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addicted to opioids

What Should You Do If A Family Member has an Opiate Addiction?

When a family member is addicted to opioids, you can feel powerless, guilty, or confused. Let us at Direct2Recovery be the first to say that it’s not your fault. Drug addictions are complex and have numerous factors that go into them — it’s rarely just one instance or one oversight. Many things go into it and you should not blame yourself for it. 

There are steps you can take to get your loved one the help they need to recover from their addiction, though. That’s what we want to talk about today in this blog. What can you do when you discover a family member is addicted to opioids? 

Understanding Opioid Addiction

Opioid addiction affects millions of people in the United States. While we know it’s a shock that one of your loved ones developed this condition, it’s important to understand that your situation is not a cause for isolation — you’re not alone. 

Many people don’t get addicted to opioids by trying them at a party or throw an illegal transaction. Opioids are unique because they can be acquired legally for legitimate medical reasons. Many prescription painkillers contain opioids. Because they’re highly addictive and highly effective, many patients don’t realize they are addicted to the pain-relieving effects until after they’ve developed a strong tolerance and dependency. 

The National Institute on Drug Abuse (NIDA) estimates that between 21-29% of those who receive opioid prescriptions end up misusing them, and up to 12% develop an addiction. A shocking 80% of people who turn to heroin started with prescription opioids first.

As addiction progresses, you will see broad and deep changes in your loved one that cause worry and heartache as you navigate your relationship. You want the best for the important people in your life, and that means doing everything you can to get them opioid addiction help.

Understand Your Loved One

Substance use disorders are diseases that can negatively affect a person’s behavior and personality. They often tend to change into another person and begin to isolate themselves from their family and friends. 

It can hurt to watch this happen to someone you love, but you need to try and understand what they’re going through before you judge them too harshly. We know that drugs can lead to lying, cheating, stealing, manipulation, and horrible things, and you have every right to protect yourself and your family. But before you close the door on helping them, try to understand them first. After all, they are still family.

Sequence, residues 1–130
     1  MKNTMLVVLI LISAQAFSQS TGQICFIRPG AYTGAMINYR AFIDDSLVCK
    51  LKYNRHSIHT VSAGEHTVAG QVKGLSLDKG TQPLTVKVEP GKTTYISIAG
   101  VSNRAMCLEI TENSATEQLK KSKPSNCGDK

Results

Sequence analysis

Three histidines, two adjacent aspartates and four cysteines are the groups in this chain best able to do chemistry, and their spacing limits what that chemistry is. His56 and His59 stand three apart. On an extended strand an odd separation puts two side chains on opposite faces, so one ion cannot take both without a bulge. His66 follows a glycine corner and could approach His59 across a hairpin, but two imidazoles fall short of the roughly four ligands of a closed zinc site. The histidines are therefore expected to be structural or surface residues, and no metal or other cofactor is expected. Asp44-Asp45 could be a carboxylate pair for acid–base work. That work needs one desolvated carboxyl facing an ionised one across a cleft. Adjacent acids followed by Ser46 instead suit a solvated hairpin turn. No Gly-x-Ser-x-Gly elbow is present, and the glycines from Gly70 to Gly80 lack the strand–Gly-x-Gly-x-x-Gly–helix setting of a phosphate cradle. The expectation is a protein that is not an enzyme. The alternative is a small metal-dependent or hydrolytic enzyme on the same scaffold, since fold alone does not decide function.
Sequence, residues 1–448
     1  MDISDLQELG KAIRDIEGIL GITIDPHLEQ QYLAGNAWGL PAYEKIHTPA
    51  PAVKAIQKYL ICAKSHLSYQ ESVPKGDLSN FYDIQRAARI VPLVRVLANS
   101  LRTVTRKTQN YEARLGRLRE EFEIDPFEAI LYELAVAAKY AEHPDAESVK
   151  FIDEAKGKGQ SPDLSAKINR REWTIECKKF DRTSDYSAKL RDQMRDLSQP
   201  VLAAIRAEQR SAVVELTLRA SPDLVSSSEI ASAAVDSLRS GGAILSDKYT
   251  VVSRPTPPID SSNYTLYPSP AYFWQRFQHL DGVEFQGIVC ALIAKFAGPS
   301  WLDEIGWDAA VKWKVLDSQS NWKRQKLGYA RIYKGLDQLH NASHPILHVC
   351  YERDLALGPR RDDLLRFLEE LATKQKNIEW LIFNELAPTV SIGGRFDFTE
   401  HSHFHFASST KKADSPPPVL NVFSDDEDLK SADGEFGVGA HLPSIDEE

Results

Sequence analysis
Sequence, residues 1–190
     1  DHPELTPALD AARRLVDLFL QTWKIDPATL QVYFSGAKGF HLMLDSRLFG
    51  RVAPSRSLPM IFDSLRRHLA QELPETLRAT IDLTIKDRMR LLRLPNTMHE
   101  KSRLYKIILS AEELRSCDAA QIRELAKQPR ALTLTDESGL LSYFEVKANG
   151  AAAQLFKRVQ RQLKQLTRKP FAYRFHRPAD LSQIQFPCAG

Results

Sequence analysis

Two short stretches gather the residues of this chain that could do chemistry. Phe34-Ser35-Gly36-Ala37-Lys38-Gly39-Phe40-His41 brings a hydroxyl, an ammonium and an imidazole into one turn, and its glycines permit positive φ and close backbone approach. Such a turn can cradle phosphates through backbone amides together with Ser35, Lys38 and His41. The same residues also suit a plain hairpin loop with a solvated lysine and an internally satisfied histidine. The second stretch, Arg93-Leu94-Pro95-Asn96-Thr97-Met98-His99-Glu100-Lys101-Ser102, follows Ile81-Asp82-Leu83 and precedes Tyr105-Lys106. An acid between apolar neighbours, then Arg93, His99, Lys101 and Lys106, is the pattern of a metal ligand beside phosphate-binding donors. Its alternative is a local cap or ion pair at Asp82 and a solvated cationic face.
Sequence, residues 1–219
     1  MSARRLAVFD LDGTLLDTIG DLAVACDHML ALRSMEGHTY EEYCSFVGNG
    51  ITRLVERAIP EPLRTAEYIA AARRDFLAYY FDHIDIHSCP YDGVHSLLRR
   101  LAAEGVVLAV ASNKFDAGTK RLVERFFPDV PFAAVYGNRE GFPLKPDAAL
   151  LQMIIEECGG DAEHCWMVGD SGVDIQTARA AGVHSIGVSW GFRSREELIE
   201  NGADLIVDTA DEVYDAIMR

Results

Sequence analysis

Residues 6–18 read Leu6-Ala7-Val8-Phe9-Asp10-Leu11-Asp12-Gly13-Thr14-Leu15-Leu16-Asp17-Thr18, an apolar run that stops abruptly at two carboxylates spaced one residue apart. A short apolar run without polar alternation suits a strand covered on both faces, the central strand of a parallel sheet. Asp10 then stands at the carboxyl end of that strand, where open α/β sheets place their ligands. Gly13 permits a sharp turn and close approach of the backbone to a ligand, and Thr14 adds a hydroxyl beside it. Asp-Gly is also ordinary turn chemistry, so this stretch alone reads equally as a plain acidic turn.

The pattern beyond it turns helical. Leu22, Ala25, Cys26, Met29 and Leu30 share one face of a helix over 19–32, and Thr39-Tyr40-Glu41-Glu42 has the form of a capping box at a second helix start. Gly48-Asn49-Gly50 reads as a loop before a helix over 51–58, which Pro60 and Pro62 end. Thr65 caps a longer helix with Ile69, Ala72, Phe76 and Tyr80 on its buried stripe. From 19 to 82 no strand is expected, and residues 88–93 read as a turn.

What can you do if you have a loved one addicted to opiates? 

The “Tough Love” Approach

Many families try to employ tough love. The common belief is that cushioning or smothering the affected loved one will only worse their addiction, or will encourage it. So a family may refuse to help them until they’ve gotten clean as a way of motivating them. 

Tough love often pushes your loved one right to rock bottom — they can only turn to rehab or further their addiction by themselves. They have nothing more to lose, but everything to gain if they decide to take the step toward recovery. 

While tough love is very common, it puts an enormous amount of pressure on your loved one and is totally isolating. If their addiction was triggered by trauma, depression, or suicidal thoughts, this method can be dangerous. Hitting rock bottom can very easily lead to overdoses, hard drugs such as fentanyl, or arrest.

Loving Them Unconditionally

On the opposite end, you can try nurturing and supporting them — not their addiction, but them as a whole person. Instead of tough love, people are simply using plain old love to try to coax their family member back into the fold, and you can try to encourage them to seek treatment. 

This requires a lot of patience — drug addiction often leads to relapse and lying, so you need to have patience to continue offering support and love. Talk with them, approach them gently, and have a plan. 

Sometimes, this means driving them to and forcing them to attend an in-patient or out-patient clinic. While they may not want to at the time, they will thank you for it once they start to recover. 

Quitting substance use is incredibly difficult and left to themselves only 10% of users will recover without any additional help. That’s why we bring everything together to give them the best odds.

Up to 50% recover with a combination of Direct2Recovery’s MAT and counseling. 

This approach of integrated care takes each piece and brings them together in a comprehensive treatment plan to help our clients and give them every opportunity to reclaim their lives. Every effort can be powerful, but combining them together amplifies the potential.

Contact our Phoenix outpatient rehab clinic today and to help your loved one start the next chapter in their life. 

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